Sharanya Deepak, author ofThe Vampire Boy on writing (and lunch).
Since I do not think that I have the credibility to write a blog telling people how to write and I anxiously await the hour when what I ate for lunch will become a trend, for now, this will have to do.
When I was growing up, I had a friend named Jaikumar. Jaikumar was the coolest person I knew. He was yellowish, with grey whiskers, and a purple velvet suit, something along the lines I have given my character in the book. He was also very clever and always talked in puns. Which I didn’t like one bit because I don’t like puns. For example, when we would walk around and collect bugs he would say say “Wow, this gives me quite a buzz!”, and I would nod in exasperation. But Jaikumar was full of jokes and theories about life. He looked at the trees and said “The leaves make the trees green don’t they. Suppose I decided to call green yellow, then they would have to start saying— Make the world a yellow place.” He didn’t like how colors were made out to be in specific names. He thought that they should be called things like “sky”, or “blood”, not blue or red. He was full of such fuzzy notions, at times it made me curious and at others just impatient. Jai and I had a lot of arguments. He was always telling me to go off to funny places and collect weird plants, which we had to do because he did an annoying dance everytime we didn’t do something he wanted to. It was a sort of tap dance with both hands waving madly above his head. One day, I think when I was around eight, Jaikumar and I went to the mountains with my parents. We ran about the trees and looked for mushrooms as the grown ups sat around our house and talked and listened to the radio. We sat on a cliff near the hill-house, imagining that we were sailing through the clouds. We debated about what they were made of, cotton, paper, feathers. My mother tells me that she was positively worried when I asked for two plates to be laid down for dinner. Jaikumar was a vegetarian and loved tomatoes. She says she remembers being annoyed to death. I remember her yelling “What kind of name is Jaikumar for your demanding imaginary friend!”. I never understood the problem. One of those days in the mountains, when jaikumar and I were sitting near the cliff and assembling our mushrooms and other weird plants, I remember him walking to the edge of the cliff. And then I watched him as he tipped his newly acquired purple hat to match his clothes, and walked off the cliff. One one foot, just like that.
As an adult(somewhat) today, I know Jaikumar came out of my mind. I know is is psychological and I know that kids do this all the time. As you grow older, you are forced out of imagination. You are told boundaries between real and fiction and nothing is as much fun anymore. If you exaggerate and create, you are told not to be delusional and to get a grip. You are told that you must always tell the truth. Things are googled, and facts are presented and a big balloon in your mind full of fanciful beautiful things is burst.
When I was in school, I was sent to a counsellor because I told my classmates that there was crow that moon-walked across the room door in third period. I saw him one day, thought I was seeing things, but the day after that, he was there again! I jumped off my seat and ran to my friends and yelled “MAN! Did you guys see the crow that just moonwalked across the door!”. They looked at me strangely, and I was rushed off to a small room where I was told that I must not tell lies. Their loss, I thought. Few have as much panache as moon-walk crow. I never saw him again, but I can see him in my head right now, gliding across the door as we chanted Sanskrit shlokas.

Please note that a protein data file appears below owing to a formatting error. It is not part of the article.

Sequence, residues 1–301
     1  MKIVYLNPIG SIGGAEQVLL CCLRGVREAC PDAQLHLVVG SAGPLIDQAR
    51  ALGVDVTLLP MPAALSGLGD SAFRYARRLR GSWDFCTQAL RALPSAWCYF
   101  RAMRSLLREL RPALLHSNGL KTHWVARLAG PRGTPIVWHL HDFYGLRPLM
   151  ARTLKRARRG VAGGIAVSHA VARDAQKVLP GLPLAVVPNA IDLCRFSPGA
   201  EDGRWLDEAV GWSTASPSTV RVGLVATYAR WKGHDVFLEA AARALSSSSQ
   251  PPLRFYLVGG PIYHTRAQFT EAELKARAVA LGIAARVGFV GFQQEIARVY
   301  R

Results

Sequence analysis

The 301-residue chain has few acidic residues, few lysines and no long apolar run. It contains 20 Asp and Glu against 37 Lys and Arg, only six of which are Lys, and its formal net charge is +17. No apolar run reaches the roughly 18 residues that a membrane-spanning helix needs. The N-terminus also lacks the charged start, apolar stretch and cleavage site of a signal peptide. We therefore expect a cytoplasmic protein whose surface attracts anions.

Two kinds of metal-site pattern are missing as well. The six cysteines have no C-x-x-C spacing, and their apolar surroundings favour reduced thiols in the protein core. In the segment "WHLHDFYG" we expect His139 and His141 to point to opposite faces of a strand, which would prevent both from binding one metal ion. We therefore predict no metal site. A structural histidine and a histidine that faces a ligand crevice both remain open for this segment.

I am still figuring out how to write, be a morning person and a productive human being. But I haven’t stopped imagining. I haven’t stopped seeing what isn’t there. I see cheekoos where there are apples, because I like them more. I see two-foot tall squirrels climbing up trees because I always wished squirrels were bigger. I imagine sometimes that people smile at me from a distance. I sit on my bed and for hours and imagine being friends with my favorite band. I fall in love in a second, or for a second and count it as real. I tell stories of people I’ve met and make them more wonderful than they are.
All the story making makes me confused. I am hazy as to things that have really happened and things that haven’t. But it doesn’t matter. History is not made up of scientific fact, but myth and storytelling. Where there are wars, there are tales magical cleansing rivers. Where there are records, there are traditions that have no basis in logic.
On the road of still trying to write and being dramatic about it, I know that my “lying” has assisted me. It has helped me see different from what everyone else sees, and I can finally be unapologetic about it. So I urge you to invent occurrences, to see irregular sized animals, and dancing birds. To see the good that may not be there in people and not be suspicious. To forget about being practical, and just be excited, overwhelmed, sad, angry whatever it is you want to be at that moment.
The world becomes a better place with each story that is made, and each moment that is exaggerated. And everyone deserves an encounter with moon-walk crow.